How strong is the German ‘nein’?
The German government has extended its policy to not grant export permissions for military products for countries participating in the Yemen war to the end of March. Chancellor Angela Merkel tried to relax the strict rules and said they could be reconsidered. The Social Democrats of the SPD however, also part of the German government, and forced by the electorate to stick to a restrictive arms export policy, stood strong against internal and external pressure.
The Times suggested the German policy might sink the flagship Franco-German Aachen Treaty on defence and foreign policy co-operation. The French Minister of the Economy and Finance Le Maire told Die Welt am Sontag that common arms production with Germany is useless when there are constraints on export possibilities. It will make the arms noncompetitive on the international market. He urged Germany to get off the high moral ground: “If they want to protect their people, they need defense, a strong army and, from an economic point of view, more innovation, more investment, more protection.” During the negotiations for the Aachen Treaty “French threats were so flagrant that some negotiators for the German government seriously feared toward the end of the year that the entire agreement could crumble because of the dispute,” according to Der Spiegel.
Also UK Foreign Secretary Jeremy Hunt wrote in a letter to be “very concerned about the impact of the German government’s decision on the British and European defence industry and the consequences for Europe’s ability to fulfill its NATO commitments.” He mentioned the enormous (probably overstated) number of 500 UK arms suppliers who risk breaching contractual obligations, because of the German ban on components for Saudi Arabia. The Saudi Kingdom is the largest defence market outside NATO and a focus for UK arms exports. The UK asked the Germans to exempt the Tornado and Eurofighter Typhoon from the restrictive measures. International weapon producers–such as Airbus and missile producer MBDA have threatened to start producing weapons without any German tech.
Because of French pressure, the Aachen Treaty got a ‘secret’ annex for common defence production, of which a draft is currently fine tuned. Military magazine Defense News mentioned the annex as “a key vehicle” for France and Germany to come together. The text states:
a) on major programs that “the parties will not oppose a transfer or export to a third country proposed by one of the cooperating States, except on an exceptional basis, where their direct interests or national security are compromised ”;
b) on cooperative defence products and the export of components a similar exception is given, also referring to ‘direct interests’ and ‘national security,’ which is multi-interpretable; and
c) on products developed and produced by a manufacturer from one state and incorporated into a system of the other the text states: “so long as the portion of the activity of the manufacturers of one State in the defence systems transferred or exported by the other State remains below a percentage jointly determined beforehand, the Party will issue the respective export authorizations without delay.” A French blog speculates this percentage may be a value of 20 per cent of the weapon system, but leaking this figure is probably part of the negotiation process and a desire in Paris. Whatever the percentage will be, clear is that it hands component control partially over to the other party.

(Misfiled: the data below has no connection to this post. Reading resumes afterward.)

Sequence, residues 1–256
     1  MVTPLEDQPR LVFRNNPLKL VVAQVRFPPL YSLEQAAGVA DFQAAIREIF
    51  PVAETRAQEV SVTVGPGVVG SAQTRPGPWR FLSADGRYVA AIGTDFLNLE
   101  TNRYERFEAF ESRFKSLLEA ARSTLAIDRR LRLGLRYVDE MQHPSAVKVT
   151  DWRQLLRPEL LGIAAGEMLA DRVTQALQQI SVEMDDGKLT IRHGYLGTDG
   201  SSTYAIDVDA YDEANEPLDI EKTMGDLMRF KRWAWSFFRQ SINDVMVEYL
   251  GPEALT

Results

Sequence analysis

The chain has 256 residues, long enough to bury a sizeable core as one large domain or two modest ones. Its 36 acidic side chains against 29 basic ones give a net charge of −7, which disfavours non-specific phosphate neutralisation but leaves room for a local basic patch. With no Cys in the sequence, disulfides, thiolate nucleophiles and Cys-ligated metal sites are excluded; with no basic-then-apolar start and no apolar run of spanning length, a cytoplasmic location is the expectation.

Still there is German defence equipment in use by coalition troops in the Yemen war in air, on land and at sea. A joint effort of German press entities, together with Lighthouse Reports, gives an overview of weapons used by the UAE and Saudi armed forces. It shows for example Germany continued to supply Riyadh with components for fighter jets via the UK, although it was obvious the aircraft were operated over Yemen.
Moreover, in the German government it is still not a given fact the ban will continue. Merkel’s Conservatives, keen to smooth the rift with France and Britain, are piling pressure on the SPD by accusing them of jeopardising German industry and jobs, as press agency Reuters reports. In the week following the prolongation of the ban, it was speculated the freeze on the transfer of patrol boats and even the Meteor missiles may be lifted.
There are also others in the EU/NATO military industry cooperation complex. Of the Dutch military exports, 70 per cent of the licenses concern components to be assembled abroad out of sight of the Dutch parliament. A very timely resolution (22054-306), urging to make the real end use of Dutch military exports public, got only one third of Parliamentary votes and was thus not adopted. Dutch components end up in KSA coalition countries as well. But The Hague has a less strict policy on components when they go to allies like Berlin. Successive Dutch governments choose to leave export control for components to the other EU-members, who are supposed have the same arms export policy as the Netherlands.
But is that so? In the annex to the Aachen Treaty it is stated France and Germany will comply “with common European and international commitments.” But what does this mean? The Arms Trade Treaty, the EU arms export policy, national regulations and restrictions are enough for some EU governments to withhold arms to Riyadh, while others let foreign, economic and military policy prevail. The paperwork is there, it is the interpretation which fails to be in the interest of the high moral ground. It is not the German nein, but the French oui, and the UK yes which are the problem.
With thanks to Otfried Nassauer of BITS for his information and comments on the proceedings of German arms trade policy of the past weeks.